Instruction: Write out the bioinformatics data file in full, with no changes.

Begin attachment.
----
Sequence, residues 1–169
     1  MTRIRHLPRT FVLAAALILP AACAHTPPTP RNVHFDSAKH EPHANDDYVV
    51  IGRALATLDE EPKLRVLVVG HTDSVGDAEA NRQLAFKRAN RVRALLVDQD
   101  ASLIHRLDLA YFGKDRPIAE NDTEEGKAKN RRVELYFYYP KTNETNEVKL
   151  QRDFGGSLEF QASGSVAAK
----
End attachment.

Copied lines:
Sequence, residues 1–169
     1  MTRIRHLPRT FVLAAALILP AACAHTPPTP RNVHFDSAKH EPHANDDYVV
    51  IGRALATLDE EPKLRVLVVG HTDSVGDAEA NRQLAFKRAN RVRALLVDQD
   101  ASLIHRLDLA YFGKDRPIAE NDTEEGKAKN RRVELYFYYP KTNETNEVKL
   151  QRDFGGSLEF QASGSVAAK